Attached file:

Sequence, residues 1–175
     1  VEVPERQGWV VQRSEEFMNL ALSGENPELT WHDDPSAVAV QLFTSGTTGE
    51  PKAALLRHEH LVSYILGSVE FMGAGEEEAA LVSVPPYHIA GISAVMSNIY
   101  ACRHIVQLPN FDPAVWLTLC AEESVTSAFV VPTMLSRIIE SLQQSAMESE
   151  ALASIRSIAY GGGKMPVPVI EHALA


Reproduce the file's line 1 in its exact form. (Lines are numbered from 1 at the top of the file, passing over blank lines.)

Sequence, residues 1–175